This difficulty arises from the moral tension created by the double role of leading and following that has to be played by leaders at the middle level of the command hierarchy, for to be a good leader one has to be a good follower. Among the most outstanding qualities of subordinates is cooperation with the leadership. Obeying rules and commands is essential for the continuation of collective work. Khalid bin al Walid, the most renowned military leader in the history of Islam, was always willing to accept the duties of an ordinary soldier under the command of others, even after he became a highly acclaimed general. In the expedition of Mu’tah, for example, he fought willingly as a soldier under the command of Zaid bin Thabit and agreed to assume command only after those who were chosen by the Prophet to succeed Zaid had perished. Again, many years later he accepted gracefully the decision of ‘Umar bin al Khattab and surrendered his command to others.

While being a good follower is an important stage in becoming a good leader, the two roles can clash occasionally, for it is the duty of the visionary and forward-looking leader to make all possible attempts to communicate his/her vision and to point out shortcomings and flaws. Sometimes leaders must stand firmly and insist on certain approaches and modes of action. Very often, however, a leader’s opposition to decisions and modes of activities is interpreted by superiors as a sign of disloyalty. The more the leader tries to persuade his/her superiors of the need for modifying and changing the way of handling things, the higher the chance of being perceived as “nonconformist” and thereby subject to increasing isolation from his superiors. Leaders have to accept this fate if they are to continue to be true to their visions and beliefs.

One of the most telling examples of the dilemma of maintaining the right balance between being simultaneously a good leader and a good follower come from the life of khalid himself, a leader whose qualities as a follower are above question. This is the same Khalid who never hesitated to follow the leadership of others, who fought under the orders of less accomplished generals, who had to resist the command of the khafifah when he felt they were counterproductive to the accomplishment of his mission. Ibn Hajar narrated in his al Ijabah fi Ma‘irifat al Sahahah that ‘Umar advised Abu Bakr to write to Khalid that he should compensate none except with your permission. [Abiu Bakr] ordered [Khalid] to do just that. Khalid replied: Either you leave to me the responsibilities of my office

or you allow me to leave my office. [Upon learning of Khalid’s reply, [‘Umar] advised [Abu Bakr] to relieve [Khalid] from his duties. When Abu Bakr asked: Who would accomplish for me what Khalid has been accomplishing?, ‘Umar responded: I will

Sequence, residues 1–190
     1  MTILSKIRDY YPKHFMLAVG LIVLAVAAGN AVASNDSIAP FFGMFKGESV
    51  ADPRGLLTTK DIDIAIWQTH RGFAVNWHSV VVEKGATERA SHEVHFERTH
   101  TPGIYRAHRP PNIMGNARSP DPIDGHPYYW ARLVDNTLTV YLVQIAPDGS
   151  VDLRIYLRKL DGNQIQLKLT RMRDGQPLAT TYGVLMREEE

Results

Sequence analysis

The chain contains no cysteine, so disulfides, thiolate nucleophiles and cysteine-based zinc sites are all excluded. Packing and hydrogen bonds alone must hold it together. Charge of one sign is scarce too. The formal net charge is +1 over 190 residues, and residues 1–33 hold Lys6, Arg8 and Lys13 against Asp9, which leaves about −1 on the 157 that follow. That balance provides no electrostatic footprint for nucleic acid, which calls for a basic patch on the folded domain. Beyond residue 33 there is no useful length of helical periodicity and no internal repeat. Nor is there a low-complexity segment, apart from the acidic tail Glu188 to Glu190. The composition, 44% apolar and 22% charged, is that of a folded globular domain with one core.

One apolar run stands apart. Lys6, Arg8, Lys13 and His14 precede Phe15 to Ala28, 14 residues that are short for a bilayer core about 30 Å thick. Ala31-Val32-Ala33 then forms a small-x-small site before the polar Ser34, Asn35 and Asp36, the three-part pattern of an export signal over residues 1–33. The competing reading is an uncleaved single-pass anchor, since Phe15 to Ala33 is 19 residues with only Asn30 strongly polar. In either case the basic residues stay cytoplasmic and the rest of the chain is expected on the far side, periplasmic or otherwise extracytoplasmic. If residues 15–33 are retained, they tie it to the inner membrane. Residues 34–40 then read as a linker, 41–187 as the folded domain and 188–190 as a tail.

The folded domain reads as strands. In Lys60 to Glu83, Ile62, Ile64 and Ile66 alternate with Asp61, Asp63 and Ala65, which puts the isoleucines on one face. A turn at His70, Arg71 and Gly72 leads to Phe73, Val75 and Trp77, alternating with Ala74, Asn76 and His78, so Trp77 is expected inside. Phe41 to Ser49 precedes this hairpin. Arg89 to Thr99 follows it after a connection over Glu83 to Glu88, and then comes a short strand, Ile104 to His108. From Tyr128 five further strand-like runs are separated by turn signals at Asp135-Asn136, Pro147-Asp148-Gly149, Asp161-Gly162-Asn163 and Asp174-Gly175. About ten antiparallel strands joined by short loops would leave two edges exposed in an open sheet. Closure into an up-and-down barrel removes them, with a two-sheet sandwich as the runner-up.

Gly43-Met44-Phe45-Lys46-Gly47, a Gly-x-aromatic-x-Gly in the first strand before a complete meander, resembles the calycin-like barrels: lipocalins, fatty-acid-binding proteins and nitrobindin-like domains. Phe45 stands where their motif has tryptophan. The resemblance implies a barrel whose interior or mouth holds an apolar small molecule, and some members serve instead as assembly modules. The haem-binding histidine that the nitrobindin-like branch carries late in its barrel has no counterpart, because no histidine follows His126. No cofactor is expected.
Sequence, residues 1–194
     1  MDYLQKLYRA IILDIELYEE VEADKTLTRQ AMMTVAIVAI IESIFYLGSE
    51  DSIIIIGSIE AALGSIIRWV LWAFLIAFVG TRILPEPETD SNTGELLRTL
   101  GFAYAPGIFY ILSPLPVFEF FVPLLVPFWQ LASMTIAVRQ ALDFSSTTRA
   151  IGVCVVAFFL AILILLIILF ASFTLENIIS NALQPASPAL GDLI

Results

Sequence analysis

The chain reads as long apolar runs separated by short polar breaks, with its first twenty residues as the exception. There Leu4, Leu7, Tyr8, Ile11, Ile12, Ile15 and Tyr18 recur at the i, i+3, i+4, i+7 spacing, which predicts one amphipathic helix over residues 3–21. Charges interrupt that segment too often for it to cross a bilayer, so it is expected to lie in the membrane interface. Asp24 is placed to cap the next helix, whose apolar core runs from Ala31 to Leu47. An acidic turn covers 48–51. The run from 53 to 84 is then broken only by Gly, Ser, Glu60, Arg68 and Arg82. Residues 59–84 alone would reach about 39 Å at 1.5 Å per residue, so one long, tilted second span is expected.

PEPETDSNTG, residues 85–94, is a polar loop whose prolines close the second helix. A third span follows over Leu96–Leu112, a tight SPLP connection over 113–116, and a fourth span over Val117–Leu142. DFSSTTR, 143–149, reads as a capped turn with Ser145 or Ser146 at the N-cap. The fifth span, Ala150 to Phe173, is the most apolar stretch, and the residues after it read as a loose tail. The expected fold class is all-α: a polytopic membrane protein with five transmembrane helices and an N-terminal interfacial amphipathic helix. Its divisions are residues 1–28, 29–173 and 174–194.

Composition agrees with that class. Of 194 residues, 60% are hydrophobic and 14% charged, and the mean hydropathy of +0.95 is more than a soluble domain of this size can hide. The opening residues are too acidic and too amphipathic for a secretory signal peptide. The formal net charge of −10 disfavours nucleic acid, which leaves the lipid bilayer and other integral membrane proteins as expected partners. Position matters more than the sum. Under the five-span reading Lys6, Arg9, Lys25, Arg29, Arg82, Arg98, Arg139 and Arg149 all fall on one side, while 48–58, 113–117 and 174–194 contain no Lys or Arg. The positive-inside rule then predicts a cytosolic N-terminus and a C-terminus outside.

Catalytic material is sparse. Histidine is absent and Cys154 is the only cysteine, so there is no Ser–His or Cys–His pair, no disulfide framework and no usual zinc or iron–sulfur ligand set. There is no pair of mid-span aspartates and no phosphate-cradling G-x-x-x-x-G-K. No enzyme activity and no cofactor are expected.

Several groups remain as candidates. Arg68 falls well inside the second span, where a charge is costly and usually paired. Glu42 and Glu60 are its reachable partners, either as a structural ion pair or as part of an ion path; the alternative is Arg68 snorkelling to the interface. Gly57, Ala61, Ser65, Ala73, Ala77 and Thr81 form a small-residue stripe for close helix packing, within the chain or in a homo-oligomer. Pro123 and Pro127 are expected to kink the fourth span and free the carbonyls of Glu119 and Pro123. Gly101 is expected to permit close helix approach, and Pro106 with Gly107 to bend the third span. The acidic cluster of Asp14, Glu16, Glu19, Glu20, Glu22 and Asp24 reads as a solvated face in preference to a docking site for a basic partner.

. . . When ‘Umar prepared himself and was about to leave (to assume Khalid’s responsibilities), the Prophet’s Companions came to Abu Bakr and said: Why is it that ‘Umar is leaving when you need him here, and why did you ask Khalid to step down [from his office] when he has competently executed [all assignments]? [Abu Bakr] asked: What should I do? They said: Command ‘Umar to stay and write to Khalid to continue his task. And [this Abu Bakr] did.[16]

Evidently, Khalid was relieved from his responsibilities later for declining ‘Umar’s demands that he should ask permission from the office of the khalifah to compensate his people, because he believed strongly that without such leverage the effectiveness of his office would be diminished.


We stressed in the foregoing pages that the essence of true leadership does not lie purely in the personal quaIities of a leader but in how these qualities are brought to bear on the task of leadership. Qualities such as resolve, eloquence, and courage are necessary but insufficient requisites for leading others. For these qualities to give rise to leadership, they must be applied in circumstances where leadership is most needed. To put the point differently, we can say that leadership cannot be grasped by contemplating the individual qualities of leaders but by examining how these qualities interact in a specific context.

In attempting to relate leadership qualities to the task of leading, we are led to recognize that leadership is at bottom a balancing act. As such, leadership involves not only elements susceptible to analysis and explanation but also elements that have always eluded our intellectual penetration and that have been subsumed, by contemporary scholars of leadership, under the rubric of “charisma.” These latter elements constitute, it appears, the threshold that brings the human being into contact with his/her divine source through faith.

*An early version of this article was published in the American Journal of Islamic Social Scientists, Volume 12, No. 2 (Summer 2005), under the title Leadership and Subordination.


[1] R. M. Stogdill, Handbook of Leadership (New York: Free Press, 1974), 411.

[2] T. 0. Jacobs, Leadership and Exchange in Formal Organizations (Alexandria, VA: Human Resources Research Organization. 1970), 232.

[3] K. F. Janda, “Towards the Explication of the Concept of Leadership in Terms of the Concept of Power,” Human Relations 13 (1960): 345-63.

[4] Ahmad bin Muhammad al Maqri, Nafh al Tib (Beirui: Dir al Kitib al ‘Arabi, n.d.), 110-11.

[5] Muhammad Husayn Haykal, The Life of Muhammad, 8th ed. (Indianapolis: North American Trust Publications, 1976), 85.

[6] Max Weber, Economy and Society (California: University Press of California, 1978), 241.

[7] Ibid.

[8] Ibid., 242.

[9] The notion of “vision” will be discussed further below.

[10]For example. a leader of a political party with an unpopular message.

[11] Abu Bakr Muhammad bin al Hasan al Muradi, Al Isharah fi Tudbir al ‘Imarah (Casablanca, Morocco: Dar al Thaqifah, 1401/1981), 1 19.

[12] Sadiq Ibrahim ‘Arjun, Khalid bin al Walid (Jeddah: Dar al Sa’udia li al Nashr. 140311983], 213.

[13] al Muradi, al Isharah. 1401/1981, pp. 61-62.

[14] ‘Arjun, Khalid bin al Walid, p. 201.

[15] Ibid.

[16] Ibid., 297.